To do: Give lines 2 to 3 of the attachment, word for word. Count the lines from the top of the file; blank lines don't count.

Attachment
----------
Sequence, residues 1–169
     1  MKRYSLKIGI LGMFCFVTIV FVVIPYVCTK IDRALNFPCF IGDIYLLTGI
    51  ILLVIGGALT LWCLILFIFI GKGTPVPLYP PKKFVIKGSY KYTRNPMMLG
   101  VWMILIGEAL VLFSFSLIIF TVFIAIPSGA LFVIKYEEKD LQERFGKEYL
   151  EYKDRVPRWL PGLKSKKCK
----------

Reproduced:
     1  MKRYSLKIGI LGMFCFVTIV FVVIPYVCTK IDRALNFPCF IGDIYLLTGI
    51  ILLVIGGALT LWCLILFIFI GKGTPVPLYP PKKFVIKGSY KYTRNPMMLG